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The M.D. stands for Medical Deviate! The trailer tells you this, along with spoiling the movie as to the identity of who the big bad is in Dr. Butcher, known in its native Italy as Zombie Holocaust. I have a slightly valuable copy of this in that I could probably get 25 dollars for it, but I particularly like collecting Paragon VHS so I’m keeping it. Other than that, there is nothing to recommend this movie. There are other places to see naked women, a mad scientist, people being eaten by guys in loincloths, and Ian McCulloch being action-y, although I admit I was impressed with the scene where he took out a zombie with an outboard motor to the face.

My husband and I have a nightly viewing habit that he likes to call “Roku Roulette,” in which we go through all the free channels (and there are a ton of them if you count all the ones under the Filmon umbrella) that show lo-res copies of old horror movies they probably don’t have the rights to, and then give up on choosing something, put on an MST3K, and fall asleep. But the one movie that will stop me spinning the wheel of crap every time is Lucio Fulci’s Zombie. Especially if we catch it right around the point where the zombies are having a buffet of Olga Karlatos in her living room, I am compelled to watch until the end even if I just saw it last night. We even once drove an hour to watch someone screen a DVD of it at midnight in a theater with a bunch of drunk people. And all that is to say, as much as I love Zombie, I have never once thought, “I tell you what, I wish Ian McCulloch would go back to that island with a worse actress and encounter some zombies that don’t even eat people. Let’s call his character Peter again! Also, I’d give anything to just get a step by step explanation of exactly what Richard Johnson was doing to make those zombies, only let’s have him played by a different actor too.”

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Yep, Doctor Butcher is just Zombie rehashed and made even more stupefying. People think that Fulci ripped off other filmmakers, and he did, but when you get into the echelons of Italian horror he and Argento are tied for the second tier, right below classy old Mario Bava. It gets so much worse than the three of them. I mean, we all have our favorite schlocky directors; I am a particular fan of Joe D’Amato, but I wouldn’t show one of his films to someone who only watches horror movies on Halloween, if you know what I mean. However, I would show that hypothetical person a Fulci film. (I say hypothetical because people stopped asking me “what’s a good horror film now that it’s October” years ago, for some reason.) The best thing Butcher’s director Marino Girolami ever produced was, indirectly, the work of his son Enzo Castellari, despite having apparently helmed 77 pictures himself. Watching Doctor Butcher is like you took a sharp clear image of the VHS of Dawn of the Dead, saved it as a PNG file if you will, and called it Zombie, and then screenshotted a JPG from a YouTube video of Zombie and put it on Instagram with a filter to make it look like a Polaroid called Doctor Butcher. Oh yeah, and then poorly photoshopped in some of the cannibals from Eaten Alive or something.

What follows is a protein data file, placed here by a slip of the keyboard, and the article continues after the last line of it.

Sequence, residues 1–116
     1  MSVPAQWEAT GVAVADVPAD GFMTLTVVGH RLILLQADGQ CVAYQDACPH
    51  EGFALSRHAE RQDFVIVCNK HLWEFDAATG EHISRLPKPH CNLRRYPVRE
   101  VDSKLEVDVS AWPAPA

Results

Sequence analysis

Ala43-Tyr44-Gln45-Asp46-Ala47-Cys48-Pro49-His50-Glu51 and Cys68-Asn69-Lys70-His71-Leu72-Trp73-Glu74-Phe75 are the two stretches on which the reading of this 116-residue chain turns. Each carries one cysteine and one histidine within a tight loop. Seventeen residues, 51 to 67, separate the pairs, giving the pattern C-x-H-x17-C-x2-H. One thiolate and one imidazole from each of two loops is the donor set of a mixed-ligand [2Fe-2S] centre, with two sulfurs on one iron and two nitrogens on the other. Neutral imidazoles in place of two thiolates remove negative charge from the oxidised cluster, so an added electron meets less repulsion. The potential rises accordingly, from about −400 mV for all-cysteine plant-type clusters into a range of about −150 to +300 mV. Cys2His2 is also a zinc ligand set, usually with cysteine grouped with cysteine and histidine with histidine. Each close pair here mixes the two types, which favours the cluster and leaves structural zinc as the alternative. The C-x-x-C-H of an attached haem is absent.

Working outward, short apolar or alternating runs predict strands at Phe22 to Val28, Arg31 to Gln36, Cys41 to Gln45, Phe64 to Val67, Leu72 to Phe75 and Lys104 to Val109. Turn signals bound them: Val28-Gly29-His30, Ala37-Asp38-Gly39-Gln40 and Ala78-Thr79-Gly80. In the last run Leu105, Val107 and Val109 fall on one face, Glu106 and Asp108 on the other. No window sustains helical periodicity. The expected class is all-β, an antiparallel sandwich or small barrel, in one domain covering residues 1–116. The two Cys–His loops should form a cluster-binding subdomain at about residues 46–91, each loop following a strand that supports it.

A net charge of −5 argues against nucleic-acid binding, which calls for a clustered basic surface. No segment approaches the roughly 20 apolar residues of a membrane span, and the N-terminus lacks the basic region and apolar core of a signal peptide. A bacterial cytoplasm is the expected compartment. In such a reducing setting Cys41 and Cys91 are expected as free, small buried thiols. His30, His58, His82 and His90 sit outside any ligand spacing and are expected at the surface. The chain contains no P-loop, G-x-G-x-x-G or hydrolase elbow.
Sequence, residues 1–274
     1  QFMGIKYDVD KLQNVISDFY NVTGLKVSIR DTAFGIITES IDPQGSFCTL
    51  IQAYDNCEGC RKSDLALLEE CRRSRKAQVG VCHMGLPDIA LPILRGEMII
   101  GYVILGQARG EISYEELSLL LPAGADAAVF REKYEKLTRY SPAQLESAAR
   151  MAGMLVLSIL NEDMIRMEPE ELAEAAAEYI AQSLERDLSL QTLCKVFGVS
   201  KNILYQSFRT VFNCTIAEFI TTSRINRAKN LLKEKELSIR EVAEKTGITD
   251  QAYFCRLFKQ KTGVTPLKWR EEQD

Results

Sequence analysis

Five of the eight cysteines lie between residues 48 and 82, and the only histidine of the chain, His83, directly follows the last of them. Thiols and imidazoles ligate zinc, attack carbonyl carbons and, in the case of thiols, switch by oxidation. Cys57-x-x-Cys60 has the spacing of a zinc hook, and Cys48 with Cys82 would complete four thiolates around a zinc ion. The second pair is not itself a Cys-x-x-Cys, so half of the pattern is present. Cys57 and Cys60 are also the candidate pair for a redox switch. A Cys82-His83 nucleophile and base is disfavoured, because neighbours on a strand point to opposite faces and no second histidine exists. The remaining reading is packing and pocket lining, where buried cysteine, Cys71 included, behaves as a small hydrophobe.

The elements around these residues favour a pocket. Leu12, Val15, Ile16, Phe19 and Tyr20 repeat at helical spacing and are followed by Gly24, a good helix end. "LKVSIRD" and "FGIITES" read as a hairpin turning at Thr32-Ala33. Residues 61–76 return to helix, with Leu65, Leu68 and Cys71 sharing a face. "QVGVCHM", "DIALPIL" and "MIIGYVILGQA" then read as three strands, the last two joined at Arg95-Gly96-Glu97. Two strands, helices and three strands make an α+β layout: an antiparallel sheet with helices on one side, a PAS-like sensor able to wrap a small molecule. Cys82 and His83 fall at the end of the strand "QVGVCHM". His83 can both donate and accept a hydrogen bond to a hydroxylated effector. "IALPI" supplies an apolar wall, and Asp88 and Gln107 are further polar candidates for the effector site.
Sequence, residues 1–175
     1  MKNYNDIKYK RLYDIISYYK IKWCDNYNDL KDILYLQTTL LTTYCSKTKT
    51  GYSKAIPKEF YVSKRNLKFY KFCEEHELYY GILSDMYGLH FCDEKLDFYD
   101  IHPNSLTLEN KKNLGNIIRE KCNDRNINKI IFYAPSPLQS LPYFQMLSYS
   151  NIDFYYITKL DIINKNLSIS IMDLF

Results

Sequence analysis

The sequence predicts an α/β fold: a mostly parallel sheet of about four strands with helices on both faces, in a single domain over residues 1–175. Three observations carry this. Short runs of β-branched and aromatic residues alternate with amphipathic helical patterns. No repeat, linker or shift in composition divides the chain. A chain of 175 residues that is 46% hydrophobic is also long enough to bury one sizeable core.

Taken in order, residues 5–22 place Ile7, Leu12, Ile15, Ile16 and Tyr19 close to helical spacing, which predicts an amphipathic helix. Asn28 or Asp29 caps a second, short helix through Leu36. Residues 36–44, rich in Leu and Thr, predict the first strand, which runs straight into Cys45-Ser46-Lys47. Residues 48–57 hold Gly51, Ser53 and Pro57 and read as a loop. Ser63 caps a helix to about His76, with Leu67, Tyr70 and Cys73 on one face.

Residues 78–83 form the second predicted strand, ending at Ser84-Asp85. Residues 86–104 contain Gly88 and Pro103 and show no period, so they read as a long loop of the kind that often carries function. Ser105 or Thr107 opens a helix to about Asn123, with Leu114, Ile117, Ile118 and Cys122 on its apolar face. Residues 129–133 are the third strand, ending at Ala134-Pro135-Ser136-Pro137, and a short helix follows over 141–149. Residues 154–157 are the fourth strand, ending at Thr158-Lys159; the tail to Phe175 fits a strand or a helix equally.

I guess I should synopsize this even though you’ve either already seen it or understandably don’t give a shit. Alexandra Delli Colli is a medical assistant in a New York teaching hospital where cannibals have been stealing and eating parts of the cadavers. She’s very sketchy herself because she was raised on the island the cannibals hail from, and owns a knife that is used for human sacrifice. She passes these quirks off as an interest in anthropology, but says the time on the island was the happiest of her life. McCulloch works for the Health Department, and is dispatched to the island to find out more about the cannibals. A reporter and her boyfriend are sent along as snacks. The group meets up with an expat doctor who we’re not supposed to know is an evil scientist, but the trailer already revealed it, like I said. He sends his assistant, Dakar, with the New York party to another island so they won’t discover that he is making his own zombies out of cannibals in failed attempts at brain transplants, but McCulloch is just too smart for him and insists on visiting the right wrong island, so that he can end up strapped to a table in threat of losing his brain. Delli Colli strips a lot, for obvious reasons, and becomes queen of the cannibals so she can deus ex machina the heck out of the ending. Yes, let’s use the cannibals, who do eat people alive, to defeat the zombies, who are vegan and would rather just kind of lunge at everyone. But at least Ian McCulloch lives another day so he can go to space and discover exploding alien eggs in Contamination.

At no point does he make a house call.

At no point does he make a house call.

I know Doctor Butcher, Donald O’Brien, mostly from too many viewings of 1988’s Joe D’Amato/Umberto Lenzi mashup of Evil Dead and House By The Cemetery, Ghosthouse. By the time Ghosthouse came along O’Brien had suffered a head injury (in 1980) and had a little trouble moving around but was still able to portray a nasty villain. It’s a sad reminder that we’re all a fall, or a rogue brain surgeon, away from being impaired, but with a little luck and a lot of gumption you can go right on making bad movies. I would never be so crass as to imply that a knock on the head would make you like Doctor Butcher better, but I will say that this is even worse than Hell of the Living Dead and should be watched only by those who have seen every other Italian horror movie except for maybe the unofficial Zombie sequel with Jeff Stryker, or the Ruggero Deodato joint about horny sisters and a murderous washing machine. Or just go and watch Zombie again.

 

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